Thursday, July 1, 2010

Give Pack Back, Get Pack Back


I woke up with $0.00 this morning.
It has been 16 hours since my last beer.

Yesterday, the experiment in sobriety ended at the 40th hour. I left the library, after blogging and facebooking for about 3 hours. I still had the $2.59. It was raining, and I had just realised that, in focusing upon blogging, I had gone past the time when one must pick up one's baggage from out of 15 Place. "Any bag left past 4pm. will be donated to Goodwill," is what the sign on the door states. I was wondering how serious they were about enforcing that rule.

I started to think about all that I have in my backpack: birth certificate, ID, all of my hygiene stuff, etc. There were even extra shirts in there, I thought, as I noticed that the rain was ushering in cooler air. It has been cold some mornings, getting down to 70 degrees, and I have woken up and thrown on an extra shirt, on a few occasions. I was worried, too about the things in the bag that weren't coming to mind, which might be important at some future juncture. (It was the mosquito repellent, which fit this "I know I'm forgetting something" category. (More on that later, under the heading "I Am Eaten Alive")

I kind of went to the store and bought a beer, and then tried to buy a cigarette off someone for a quarter. I am wondering if I am keeping myself broke to protect myself from myself. There was a panhandler out front, who wanted a quarter.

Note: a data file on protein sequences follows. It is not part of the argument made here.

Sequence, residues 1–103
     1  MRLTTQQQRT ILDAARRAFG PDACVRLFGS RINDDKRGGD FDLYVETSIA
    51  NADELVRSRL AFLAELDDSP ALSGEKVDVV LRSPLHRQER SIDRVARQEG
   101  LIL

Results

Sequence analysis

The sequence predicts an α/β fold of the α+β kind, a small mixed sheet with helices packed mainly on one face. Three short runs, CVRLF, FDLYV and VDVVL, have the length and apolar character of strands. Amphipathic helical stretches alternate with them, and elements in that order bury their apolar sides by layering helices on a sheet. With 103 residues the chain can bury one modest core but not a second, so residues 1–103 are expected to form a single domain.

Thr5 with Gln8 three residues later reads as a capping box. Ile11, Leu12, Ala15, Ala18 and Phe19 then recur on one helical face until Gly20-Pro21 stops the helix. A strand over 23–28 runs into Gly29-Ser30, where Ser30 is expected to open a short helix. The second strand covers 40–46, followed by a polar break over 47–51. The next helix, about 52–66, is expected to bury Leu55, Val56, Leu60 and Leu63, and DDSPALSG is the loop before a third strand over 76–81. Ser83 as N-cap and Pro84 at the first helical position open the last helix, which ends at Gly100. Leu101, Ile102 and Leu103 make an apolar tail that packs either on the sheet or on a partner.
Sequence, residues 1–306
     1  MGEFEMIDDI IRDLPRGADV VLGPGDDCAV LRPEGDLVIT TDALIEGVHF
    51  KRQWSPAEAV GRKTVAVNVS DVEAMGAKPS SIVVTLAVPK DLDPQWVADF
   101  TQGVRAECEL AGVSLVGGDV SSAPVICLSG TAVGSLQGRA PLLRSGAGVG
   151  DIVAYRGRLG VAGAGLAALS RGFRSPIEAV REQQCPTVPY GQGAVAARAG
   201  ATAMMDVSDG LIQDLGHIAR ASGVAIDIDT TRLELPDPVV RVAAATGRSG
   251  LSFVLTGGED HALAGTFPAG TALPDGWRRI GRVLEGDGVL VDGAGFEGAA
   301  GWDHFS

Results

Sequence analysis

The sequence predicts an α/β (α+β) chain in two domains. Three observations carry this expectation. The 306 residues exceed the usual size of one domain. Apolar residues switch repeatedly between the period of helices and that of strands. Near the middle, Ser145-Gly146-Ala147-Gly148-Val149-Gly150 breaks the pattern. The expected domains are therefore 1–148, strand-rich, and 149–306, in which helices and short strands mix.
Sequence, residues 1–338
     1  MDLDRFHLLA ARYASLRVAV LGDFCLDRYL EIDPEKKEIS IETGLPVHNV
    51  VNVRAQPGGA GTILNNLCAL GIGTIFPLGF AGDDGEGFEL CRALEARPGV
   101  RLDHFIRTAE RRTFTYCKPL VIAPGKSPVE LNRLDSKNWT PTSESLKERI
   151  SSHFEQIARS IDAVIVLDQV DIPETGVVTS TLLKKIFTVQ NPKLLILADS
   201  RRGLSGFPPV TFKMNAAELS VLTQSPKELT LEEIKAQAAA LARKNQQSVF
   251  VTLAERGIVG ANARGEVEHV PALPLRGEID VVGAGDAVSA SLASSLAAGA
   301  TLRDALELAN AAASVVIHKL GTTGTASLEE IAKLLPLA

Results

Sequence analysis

I drank a couple more, which left me exactly no money. I actually had to borrow 5 cents off of the guy who wanted the quarter, in exchange for giving him a sip off of the third beer. I told myself that I was loosening up for my performance at Serda's Coffee, and that I felt better to be rid of the money, because it was "burning a hole in my pocket," and tempting me to get beer. The temptation was gone. I went to Serda's Coffee.

Upon arriving at Serda's, I noticed a pack of American Spirit cigarettes, unattended and laying on a ledge under one of the front windows. It looked abandoned to me. These are the same kind which the kind man gave me, along with the sandwich, after I had earlier chosen to come this way, instead of the beer store way. The pack was almost full. I took it, while trying to see out of the corners of my eyes, if there was any movement which might indicate someone noticing me picking them up, perhaps the owner. I didn't hear anyone say "Hey, those are mine." It could have been an empty box. I went around the corner to smoke one and hid the pack under a trash can, while asking myself "Why am I hiding them if I don't feel guilty about taking them?"

Once inside, the MC greeted me warmly and told me the spot that I would be occupying on "the list." I was to have others play after me. "Good," I said. "That way, there will still be an audience here!"

As I was stepping out for an American Spirit, between performers, the MC made the announcement "If anyone found a pack of American Spirit cigarettes, they're mine!"

I went and got the things and brought them to him, saying "They looked abandoned; I watched them for a minute and nobody seemed to belong to them..." He seemed very happy to have his American Spirit cigarettes back. They're expensive.

I played a self-satisfying set of songs, mixed in some comedy, and, apart from a few young girls, who were only there to videotape their boyfriends playing, so they can twitter and myspace and utube with their expensive toys, and who payed little attention to me, the audience liked it. I even had a request for The Carcass Song from the MC, who had just finished an American Spirit cigarette.